This study examined (a) whether growing up with lower-educated parents and attending lower parental education schools associated with children's problem development within the behavioral, emotional, and peer relationship domains; and (b) whether the association of lower individual-level parental education with children's development within these three domains depended upon school-level parental education. To this end, 698 children (Mage = 7.08 in first grade) from 31 mainstream elementary schools were annually followed from first grade to sixth grade. Problems within the behavioral domain included conduct problems, oppositional defiant problems, attention-deficit and hyperactivity problems, and aggression. Problems within the emotional domain included depression and anxiety symptoms. Problems within the peer relationship domain included physical victimization, relational victimization, and peer dislike. Results from multi-level latent growth models showed that, as compared to children of higher-educated parents, children of lower-educated parents generally had higher levels of problems within all three domains in first grade and exhibited a faster growth rate of problems within the behavioral domain from first to sixth grade. Furthermore, as compared to children attending higher parental education schools, children attending lower parental education schools generally had higher levels of problems within the behavioral and emotional domains in first grade and showed a faster growth rate of peer dislike over time. In addition, cross-level interaction analyses showed that in higher parental education schools, children of lower-educated parents showed a faster growth rate of depression symptom levels than children of higher-educated parents. In lower parental education schools, the growth rate of depression symptom levels did not differ between children of higher- and lower-educated parents. Results highlight that addressing the needs of lower parental education schools and children growing up with lower-educated parents may be of primary importance.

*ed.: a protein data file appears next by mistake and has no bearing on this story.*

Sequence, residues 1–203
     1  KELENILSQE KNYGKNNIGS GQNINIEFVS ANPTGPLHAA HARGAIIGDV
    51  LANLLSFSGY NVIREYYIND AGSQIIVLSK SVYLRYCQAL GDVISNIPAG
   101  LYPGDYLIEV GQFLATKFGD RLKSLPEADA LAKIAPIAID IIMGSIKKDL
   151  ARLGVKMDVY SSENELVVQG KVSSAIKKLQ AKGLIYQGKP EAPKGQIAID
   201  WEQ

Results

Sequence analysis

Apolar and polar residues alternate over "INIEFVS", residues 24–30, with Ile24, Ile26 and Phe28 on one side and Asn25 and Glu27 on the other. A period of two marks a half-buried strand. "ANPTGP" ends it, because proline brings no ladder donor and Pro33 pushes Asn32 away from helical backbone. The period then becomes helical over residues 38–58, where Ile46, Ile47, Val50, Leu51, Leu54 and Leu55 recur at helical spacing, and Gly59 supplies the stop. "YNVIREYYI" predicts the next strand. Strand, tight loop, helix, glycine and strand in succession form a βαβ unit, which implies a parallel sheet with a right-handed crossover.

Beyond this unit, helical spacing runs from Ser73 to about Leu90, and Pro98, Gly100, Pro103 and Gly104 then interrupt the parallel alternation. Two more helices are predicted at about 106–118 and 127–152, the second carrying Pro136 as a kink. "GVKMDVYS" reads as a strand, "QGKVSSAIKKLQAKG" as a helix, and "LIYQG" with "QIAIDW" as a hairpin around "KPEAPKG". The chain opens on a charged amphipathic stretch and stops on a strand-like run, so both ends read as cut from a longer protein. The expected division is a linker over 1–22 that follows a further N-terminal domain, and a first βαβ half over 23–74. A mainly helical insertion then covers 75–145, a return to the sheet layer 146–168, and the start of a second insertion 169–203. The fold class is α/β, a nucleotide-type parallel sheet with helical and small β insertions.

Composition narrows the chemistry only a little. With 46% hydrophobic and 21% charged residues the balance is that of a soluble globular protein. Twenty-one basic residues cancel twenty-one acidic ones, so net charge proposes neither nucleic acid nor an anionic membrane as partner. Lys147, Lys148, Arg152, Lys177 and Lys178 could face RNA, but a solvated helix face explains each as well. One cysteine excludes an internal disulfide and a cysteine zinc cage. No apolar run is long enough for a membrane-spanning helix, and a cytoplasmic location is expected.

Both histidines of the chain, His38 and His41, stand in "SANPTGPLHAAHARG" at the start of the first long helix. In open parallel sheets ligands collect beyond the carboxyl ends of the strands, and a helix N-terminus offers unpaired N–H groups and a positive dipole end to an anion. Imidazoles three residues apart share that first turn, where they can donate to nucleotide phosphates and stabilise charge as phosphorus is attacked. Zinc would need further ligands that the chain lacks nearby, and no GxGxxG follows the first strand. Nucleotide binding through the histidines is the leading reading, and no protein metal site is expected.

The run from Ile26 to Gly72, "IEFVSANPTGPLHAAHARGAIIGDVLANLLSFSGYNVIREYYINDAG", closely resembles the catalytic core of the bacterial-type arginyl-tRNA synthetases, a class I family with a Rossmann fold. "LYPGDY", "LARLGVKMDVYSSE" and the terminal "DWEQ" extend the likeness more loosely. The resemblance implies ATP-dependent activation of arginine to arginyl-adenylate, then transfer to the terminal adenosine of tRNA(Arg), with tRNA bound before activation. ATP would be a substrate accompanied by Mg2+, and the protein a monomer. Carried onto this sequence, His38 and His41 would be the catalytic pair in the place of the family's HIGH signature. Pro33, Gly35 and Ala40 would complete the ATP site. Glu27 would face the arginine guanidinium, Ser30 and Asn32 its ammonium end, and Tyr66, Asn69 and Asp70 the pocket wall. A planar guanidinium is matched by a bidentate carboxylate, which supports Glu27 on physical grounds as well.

Bibliographical noteFunding Information:
This study is supported by The Netherlands Organization for Health Research and Development (ZonMw) (project No. 531003013 ). This study was also supported by the ZonMw Grants # 26200002 and # 120620029 . TAJH was partly funded through a grant awarded by the Norwegian Research Council (project number 288638 ) to the Centre for Global Health Inequalities Research (CHAIN) at the Norwegian University for Science and Technology (NTNU).
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